On January 7, 2013, about 1021 eastern standard time, smoke was discovered by cleaning personnel in the aft cabin of a Japan Airlines (JAL) Boeing 787-8, JA829J, which was parked at a gate at General Edward Lawrence Logan International Airport (BOS), Boston, Massachusetts. About the same time, a maintenance manager in the cockpit observed that the auxiliary power unit (APU)--the sole source of airplane power at the time--had automatically shut down. Shortly afterward, a mechanic opened the aft electronic equipment (E/E) bay and found heavy smoke and fire coming from the front of the APU battery case. No passengers or crewmembers were aboard the airplane at the time, and none of the maintenance or cleaning personnel aboard the airplane was injured. Aircraft rescue and firefighting personnel responded, and one firefighter received minor injuries. The airplane had arrived from Narita International Airport, Narita, Japan, as a regularly scheduled passenger flight operated as JAL flight 008 and conducted under the provisions of 14 Code of Federal Regulations Part 129.

The APU battery provides power to start an APU during ground and flight operations. Flight data recorder (FDR) data showed that the APU was started about 1004 while the airplane was being taxied to the gate after arrival at BOS. The FDR data also showed that, about 36 seconds before the APU shut down at 1021:37, the voltage of the APU battery began fluctuating, dropping from a full charge of 32 volts to 28 volts about 7 seconds before the shutdown.

The APU battery consists of eight lithium-ion cells that are connected in series and assembled in two rows of four cells. Each battery cell has a nominal voltage of 3.7 volts. The cells have a lithium cobalt oxide compound chemistry and contain a flammable electrolyte liquid.

External observations of the battery involved in this incident showed, among other things, that the right side of the battery case appeared to have the most extensive damage of the four battery sides. Disassembly of the battery revealed that the cells that were located in the left side of the battery (cells 1 through 4) generally exhibited the least thermal and mechanical damage and that the cells that were located in the right side of the battery (cells 5 through 8) generally exhibited the most thermal and mechanical damage. Thermal damage was the most severe near cell 6. Continuity measurements using a digital volt meter indicated that all of the cells were found to be electrically short circuited except for cell 8.

The APU battery was configured so that each cell's vent disc, which is a plate that ruptures when the internal pressure in a cell reaches a predetermined level, would be oriented toward the exterior of the battery. Disassembly of the battery showed that the vent discs on cells 1 through 3 were opened slightly, the cell 4 vent disc was intact (although weight measurements indicated that the cell lost some electrolyte), and the vent discs on cells 5 through 8 had opened more completely, leaving a ruptured appearance.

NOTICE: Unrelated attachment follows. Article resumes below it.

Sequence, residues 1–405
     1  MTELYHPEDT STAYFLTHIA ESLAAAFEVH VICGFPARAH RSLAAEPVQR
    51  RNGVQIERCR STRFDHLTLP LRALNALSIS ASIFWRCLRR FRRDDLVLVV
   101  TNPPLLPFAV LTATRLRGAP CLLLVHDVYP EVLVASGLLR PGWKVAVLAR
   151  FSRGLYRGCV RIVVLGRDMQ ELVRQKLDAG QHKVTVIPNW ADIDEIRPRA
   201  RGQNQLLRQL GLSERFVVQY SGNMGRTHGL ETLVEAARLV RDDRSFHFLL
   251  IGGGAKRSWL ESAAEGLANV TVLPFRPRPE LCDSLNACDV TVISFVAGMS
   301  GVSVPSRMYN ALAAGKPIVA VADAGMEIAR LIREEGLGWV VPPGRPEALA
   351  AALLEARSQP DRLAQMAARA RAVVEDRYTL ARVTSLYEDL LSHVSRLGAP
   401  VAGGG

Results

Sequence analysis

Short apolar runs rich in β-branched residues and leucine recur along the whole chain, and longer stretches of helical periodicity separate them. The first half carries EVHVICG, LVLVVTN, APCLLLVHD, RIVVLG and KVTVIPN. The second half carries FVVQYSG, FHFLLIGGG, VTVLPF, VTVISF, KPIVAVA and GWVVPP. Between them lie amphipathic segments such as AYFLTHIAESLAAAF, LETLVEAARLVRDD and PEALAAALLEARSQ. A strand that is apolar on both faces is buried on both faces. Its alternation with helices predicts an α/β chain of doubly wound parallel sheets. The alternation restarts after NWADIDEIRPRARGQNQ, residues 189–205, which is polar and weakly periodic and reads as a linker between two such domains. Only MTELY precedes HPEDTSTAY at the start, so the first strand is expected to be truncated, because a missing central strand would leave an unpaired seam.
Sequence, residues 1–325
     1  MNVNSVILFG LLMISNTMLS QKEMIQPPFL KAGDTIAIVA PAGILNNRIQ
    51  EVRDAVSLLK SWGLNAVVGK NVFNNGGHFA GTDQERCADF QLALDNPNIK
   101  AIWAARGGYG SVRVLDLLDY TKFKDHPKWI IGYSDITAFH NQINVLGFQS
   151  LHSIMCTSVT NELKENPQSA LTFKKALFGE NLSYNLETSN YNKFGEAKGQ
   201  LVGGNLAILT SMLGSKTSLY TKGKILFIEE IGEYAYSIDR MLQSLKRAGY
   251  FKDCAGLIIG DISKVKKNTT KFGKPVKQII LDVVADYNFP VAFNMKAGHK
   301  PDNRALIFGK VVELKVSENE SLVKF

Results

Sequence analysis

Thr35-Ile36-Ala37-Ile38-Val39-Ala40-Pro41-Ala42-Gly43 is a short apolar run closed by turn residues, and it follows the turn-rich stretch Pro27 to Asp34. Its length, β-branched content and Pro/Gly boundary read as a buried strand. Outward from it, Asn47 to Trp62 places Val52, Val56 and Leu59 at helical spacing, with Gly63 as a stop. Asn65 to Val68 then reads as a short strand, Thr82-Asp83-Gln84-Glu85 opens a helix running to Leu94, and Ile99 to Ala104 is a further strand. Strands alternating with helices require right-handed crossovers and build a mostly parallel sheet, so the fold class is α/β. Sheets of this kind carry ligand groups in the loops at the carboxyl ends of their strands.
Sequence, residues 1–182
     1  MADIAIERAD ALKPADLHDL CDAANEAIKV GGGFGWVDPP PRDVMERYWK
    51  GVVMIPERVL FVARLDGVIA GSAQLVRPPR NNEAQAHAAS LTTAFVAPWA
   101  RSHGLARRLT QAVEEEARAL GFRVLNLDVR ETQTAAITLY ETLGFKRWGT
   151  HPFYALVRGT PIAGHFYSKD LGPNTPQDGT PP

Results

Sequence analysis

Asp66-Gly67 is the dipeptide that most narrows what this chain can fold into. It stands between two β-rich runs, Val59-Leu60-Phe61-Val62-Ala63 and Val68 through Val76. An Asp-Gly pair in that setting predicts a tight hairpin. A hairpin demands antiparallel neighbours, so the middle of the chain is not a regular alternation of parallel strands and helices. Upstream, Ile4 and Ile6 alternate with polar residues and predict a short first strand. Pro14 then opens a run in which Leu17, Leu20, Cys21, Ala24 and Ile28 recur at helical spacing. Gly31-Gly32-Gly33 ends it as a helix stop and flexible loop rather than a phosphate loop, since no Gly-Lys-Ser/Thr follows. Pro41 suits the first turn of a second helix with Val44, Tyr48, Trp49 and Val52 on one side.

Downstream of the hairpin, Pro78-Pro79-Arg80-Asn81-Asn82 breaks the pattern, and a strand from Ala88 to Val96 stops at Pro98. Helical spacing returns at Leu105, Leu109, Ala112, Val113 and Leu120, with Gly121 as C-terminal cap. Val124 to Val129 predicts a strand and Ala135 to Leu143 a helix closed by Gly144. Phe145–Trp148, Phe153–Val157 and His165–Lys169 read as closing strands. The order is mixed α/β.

The NTSB is examining the certification and testing of the 787 battery system as part of its investigation of this incident. According to the Federal Aviation Administration (FAA), the 787 incorporated "novel or unusual design features," including the use of lithium-ion batteries. Because the FAA determined that applicable airworthiness requirements did not address lithium-ion batteries, the agency issued nine special conditions regarding the use of these batteries on the 787. These nine special conditions were intended to ensure that this new technology would not pose a greater safety risk than other technologies addressed in existing airworthiness regulations.

During the 787 certification process, Boeing performed a safety assessment (known as functional hazard assessment) to determine the potential hazards that various failure conditions of electrical system components could introduce to the airplane and its occupants. Boeing also determined that the probability that a battery could vent was once in every 10 million flight hours. As of January 16, 2013, the in-service 787 fleet had accumulated less than 52,000 flight hours, and during this period two events involving smoke emission from a 787 battery (the BOS event and a second event in Japan being investigated by the Japan Transport Safety Board) had occurred on two different 787 airplanes.

The NTSB's investigation into the probable cause of the 787 battery fire at BOS is continuing. The NTSB is also continuing to review the design, certification, and manufacturing processes for the 787 lithium-ion battery system.